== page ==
Just look at those children! Haven’t they grown?
We give and take,
Share our troubles,
That’s how true friendship has been shown!

Colleen O’Grady

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A Living Without End

Beyond a bursting black-laced sky
burnished by turbulence,
a white owl pegged itself
to a gnarling lichened bough –
and trembled in the deepening wetness.

Claws curved in studied grip to suspend a fall,
mind engraved to see it all –
a raucous burst of honeyed amber light
pouring forth between ferocious slats of steel grey
tumbling cloud.  Owl wonders at the depth

of drought, feels the stricken woodland
open its dust-clogged pores
to dumping sky-born cleansing wetting particles
that streak earthward and hiss and slam,
pelting desperate dusted ground, blasting
a decade-long emptiness with a promise
to restore life and purpose
where these were thought to have been
forever lost.  Such was the ferocity, the tangible pain,
of nature’s desiccating fortunes.

Owl observes green bent stems at prayer,
lupins emerging from sodden soil,
bearing vibrant cotyledons
and hope and faith aloft and skyward,
recklessly absorbing after such time of absence,
molecules of wetness, tying these to penetrating sunbeams
in row upon row of palisade and spongy mesophyll –

as a chemical dance negates despair and
rivers of sugar and good fortune run again.

Owl drops swiftly to and upon
a frantic scurrying mouse to end
its local drought of bloodied sustenance, to soak its
drought-scarred insides with blood and flesh.

Mouse in turn barely nourished by scarce seeds
gulped in haste and ingested between fits
of mounting despair –
as its babies died of hunger and remorse.

And that freshly-minted energy which flowed
toward all life as that scintillating
dance of water and sunlight launched
a new-found confidence, and watered
a parched and desperate landscape
with hope and longing,
gave owl a new beginning –
another cycle leapt into being.

Another generation of seeing and believing,
crept upon the shattered woodland
and gently placed a tumbler of meaning
and a dash of merciful gratitude
into their daily living.

A living without end, punctuated by spikes
of despair and then, with little notice –
embraced joyously by life’s good fortunes
in a rhapsody of light, warmth and falling water.

Allan Padgett

 

 

Close To the End of Time

At the beginning of the day you were close to the end of time,
and at the end of that fevered day you were closing in on me,
teeth bared tongue lashing lips curling.

For the first time, I saw the wolf in you,
I felt the hot breath of a wilderness.

Your lupine attitude took me by surprise,
your quadrupedal gait made my hair stand on end.

I looked into those hot brown eyes, lashes flashing
your deep black pupils beyond reach, stretching back
into a long distant past, where hunting for prey was the norm
and being caught meant ingestion, meant being turned
and churned into wolf flesh, and extruded in liquid form
to a cluster of hungry whelps, desperate to suckle wolf milk
and ready to eat one another –
if they had to, so as to stay alive.

Well, these days, I have to admit, I feel far less wolfy
than before, it is the effort of running all day to catch a feed,
running all night to fulfill a need,
running through hostile terrain to avoid the gun –
the ricocheting bullets just one short reach away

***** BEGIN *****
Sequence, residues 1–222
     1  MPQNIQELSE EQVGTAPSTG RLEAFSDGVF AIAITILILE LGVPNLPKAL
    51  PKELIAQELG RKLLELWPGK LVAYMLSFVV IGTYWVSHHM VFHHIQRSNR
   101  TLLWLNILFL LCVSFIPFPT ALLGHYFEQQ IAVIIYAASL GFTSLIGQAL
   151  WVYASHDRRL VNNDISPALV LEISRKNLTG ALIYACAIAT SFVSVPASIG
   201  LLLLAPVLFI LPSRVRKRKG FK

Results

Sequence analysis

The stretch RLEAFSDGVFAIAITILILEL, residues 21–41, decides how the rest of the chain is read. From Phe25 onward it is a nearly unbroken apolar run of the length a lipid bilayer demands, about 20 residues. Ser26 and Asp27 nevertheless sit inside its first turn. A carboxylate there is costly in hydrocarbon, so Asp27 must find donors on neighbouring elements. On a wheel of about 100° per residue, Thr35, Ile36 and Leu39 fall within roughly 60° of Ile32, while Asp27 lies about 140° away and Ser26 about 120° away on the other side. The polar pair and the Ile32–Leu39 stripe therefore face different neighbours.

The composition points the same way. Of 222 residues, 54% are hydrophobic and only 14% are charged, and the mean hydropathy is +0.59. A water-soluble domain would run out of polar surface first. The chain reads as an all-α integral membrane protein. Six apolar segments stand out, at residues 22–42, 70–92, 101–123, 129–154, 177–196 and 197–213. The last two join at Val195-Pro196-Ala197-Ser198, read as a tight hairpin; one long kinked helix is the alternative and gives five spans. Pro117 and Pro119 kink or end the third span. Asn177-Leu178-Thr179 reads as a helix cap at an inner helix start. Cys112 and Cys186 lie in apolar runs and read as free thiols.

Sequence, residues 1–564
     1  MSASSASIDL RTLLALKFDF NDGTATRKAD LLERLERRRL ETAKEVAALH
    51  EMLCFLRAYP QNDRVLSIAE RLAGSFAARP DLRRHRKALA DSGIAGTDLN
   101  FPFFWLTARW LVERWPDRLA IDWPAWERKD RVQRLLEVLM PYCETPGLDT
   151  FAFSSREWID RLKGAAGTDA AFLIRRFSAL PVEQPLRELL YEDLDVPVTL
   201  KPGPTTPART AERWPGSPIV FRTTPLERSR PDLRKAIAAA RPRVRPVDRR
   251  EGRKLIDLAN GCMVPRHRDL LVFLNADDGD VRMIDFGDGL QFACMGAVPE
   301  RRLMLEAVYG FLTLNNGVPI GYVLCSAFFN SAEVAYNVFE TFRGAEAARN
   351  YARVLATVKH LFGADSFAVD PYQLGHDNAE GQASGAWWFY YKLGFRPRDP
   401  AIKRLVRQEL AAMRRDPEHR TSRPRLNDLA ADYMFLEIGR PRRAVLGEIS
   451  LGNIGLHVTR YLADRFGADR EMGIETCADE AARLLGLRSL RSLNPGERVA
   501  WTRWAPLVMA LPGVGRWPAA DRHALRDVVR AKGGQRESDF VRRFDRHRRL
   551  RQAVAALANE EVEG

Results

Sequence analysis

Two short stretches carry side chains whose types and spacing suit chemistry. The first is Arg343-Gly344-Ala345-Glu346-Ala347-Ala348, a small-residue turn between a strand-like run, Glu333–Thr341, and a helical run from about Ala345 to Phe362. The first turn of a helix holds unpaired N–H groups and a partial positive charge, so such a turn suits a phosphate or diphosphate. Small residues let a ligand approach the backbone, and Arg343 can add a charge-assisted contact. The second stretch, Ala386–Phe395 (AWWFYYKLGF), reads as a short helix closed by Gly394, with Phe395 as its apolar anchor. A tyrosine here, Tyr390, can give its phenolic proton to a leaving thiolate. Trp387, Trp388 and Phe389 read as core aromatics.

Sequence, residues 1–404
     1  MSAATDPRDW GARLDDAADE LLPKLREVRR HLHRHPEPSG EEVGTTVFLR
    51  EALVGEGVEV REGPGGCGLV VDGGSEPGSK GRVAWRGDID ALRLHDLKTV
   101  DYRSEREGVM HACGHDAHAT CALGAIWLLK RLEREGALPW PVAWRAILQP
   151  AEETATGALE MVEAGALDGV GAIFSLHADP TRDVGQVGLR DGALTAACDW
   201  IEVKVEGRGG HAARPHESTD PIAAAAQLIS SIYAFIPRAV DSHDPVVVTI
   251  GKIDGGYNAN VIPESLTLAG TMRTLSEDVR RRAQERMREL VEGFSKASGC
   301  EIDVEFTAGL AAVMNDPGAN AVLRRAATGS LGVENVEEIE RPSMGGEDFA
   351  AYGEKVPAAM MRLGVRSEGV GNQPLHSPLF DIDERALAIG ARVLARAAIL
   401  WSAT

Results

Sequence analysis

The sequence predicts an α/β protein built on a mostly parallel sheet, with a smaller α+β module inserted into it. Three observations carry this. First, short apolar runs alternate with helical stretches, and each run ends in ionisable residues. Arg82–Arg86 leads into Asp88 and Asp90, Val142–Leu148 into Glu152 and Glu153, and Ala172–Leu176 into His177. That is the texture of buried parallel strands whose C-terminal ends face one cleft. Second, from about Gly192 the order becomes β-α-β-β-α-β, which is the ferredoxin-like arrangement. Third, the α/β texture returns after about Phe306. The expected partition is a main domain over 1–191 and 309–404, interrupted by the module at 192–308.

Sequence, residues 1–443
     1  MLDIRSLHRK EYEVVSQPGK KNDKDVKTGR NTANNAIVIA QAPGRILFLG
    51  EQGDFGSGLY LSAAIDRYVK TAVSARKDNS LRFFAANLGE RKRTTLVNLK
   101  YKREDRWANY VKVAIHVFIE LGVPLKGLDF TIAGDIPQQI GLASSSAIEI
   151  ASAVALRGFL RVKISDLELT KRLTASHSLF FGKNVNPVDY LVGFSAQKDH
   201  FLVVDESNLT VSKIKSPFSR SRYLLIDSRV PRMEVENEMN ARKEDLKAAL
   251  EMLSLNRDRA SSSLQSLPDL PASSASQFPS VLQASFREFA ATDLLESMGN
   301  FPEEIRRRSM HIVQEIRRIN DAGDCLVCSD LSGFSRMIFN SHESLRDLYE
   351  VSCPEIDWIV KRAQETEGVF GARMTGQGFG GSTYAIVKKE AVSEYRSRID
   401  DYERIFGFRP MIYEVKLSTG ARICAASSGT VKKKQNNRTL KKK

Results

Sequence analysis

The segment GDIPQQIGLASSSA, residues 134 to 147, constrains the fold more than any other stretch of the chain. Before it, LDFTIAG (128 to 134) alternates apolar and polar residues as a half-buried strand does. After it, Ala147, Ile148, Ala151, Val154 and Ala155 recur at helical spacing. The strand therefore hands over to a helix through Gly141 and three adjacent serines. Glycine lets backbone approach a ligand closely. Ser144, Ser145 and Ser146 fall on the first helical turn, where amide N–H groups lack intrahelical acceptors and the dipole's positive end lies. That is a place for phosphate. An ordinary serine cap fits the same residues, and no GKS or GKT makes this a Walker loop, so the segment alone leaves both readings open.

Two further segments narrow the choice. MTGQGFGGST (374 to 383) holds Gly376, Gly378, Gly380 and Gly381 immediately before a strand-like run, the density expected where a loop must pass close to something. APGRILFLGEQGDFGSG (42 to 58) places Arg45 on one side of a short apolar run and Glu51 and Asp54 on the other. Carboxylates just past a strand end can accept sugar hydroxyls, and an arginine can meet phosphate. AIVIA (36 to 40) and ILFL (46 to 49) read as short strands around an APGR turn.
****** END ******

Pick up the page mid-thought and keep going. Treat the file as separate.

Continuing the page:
from chowdering my animal brain,
one way I guess, to avoid the pain –

of living like a four-legged feral urban escapee,
determined to enjoy the night while it lasted
and the steppes while they remained unblasted,
all too easily blown to pieces as the wild parts disappear
under heated tarmacs of tar, under millions of car treads,
beneath thundering road trains, and curdling amnesia.

Allan Padgett

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NOT EVEN NOTHING

I dreamed you
I dreamed you collapsing
melting as in your poem –
the flesh bones and organs
liquefying in acid tears
pooling around my feet –
I awoke to plups of vitreous
jelly and blood squirting
the last of you

You’re all over me
this poem you sprayed over me
like a squid spurting ink –
I’m covered with it
stained disgraced and abominable

What vengeance!
I can’t even say I’m nothing
for look what I did to you
and even worse look
what you are now
The Poet
and me not even nothing

Chris Palazzolo

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Antilogy’s Aperçu
_____
With thanks to W.B.

A French writer wrote
that he would have loved
to have created a cliché,
where Francine feels

drift and direction — the
choices made, the dream
obeyed — matters too,
recalling another writer

who wrote: you will have
a free hand, of course,
as
Francine was about to cross
the field of fiction with

a walking stick, adding:
nevertheless. More stick
to lean on, or an attempt to
hold a free hand in progress?

Joyce Parkes

 

 

Watching Clouds
____
With thanks to P.O’B, M.M. and J.D. 

What do you do? A new neighbour asked
casting a line of literals into the Helena

River a distance away from our respective
sites. With the echo of netting rolling on

Ripple replied: about what — and
for how long? Making for the Swan River,

Ripple recalled the swell of concern over
the rise of density in sections of the river’s

fluidity, tempting her to splash at anglers
who’ll only respond to tugs of false or true

in lieu of a river’s story. So Ripple leapt
over the river bank where, finding a garden

of content, she sought a corner of quiet to
inhabit, watching clouds guiding gazes.

Joyce Parkes

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For those who came before

I feel as if I have let you down
scrubbed out all your hard earned
physical hand-me-downs
broken the chain—a thousand years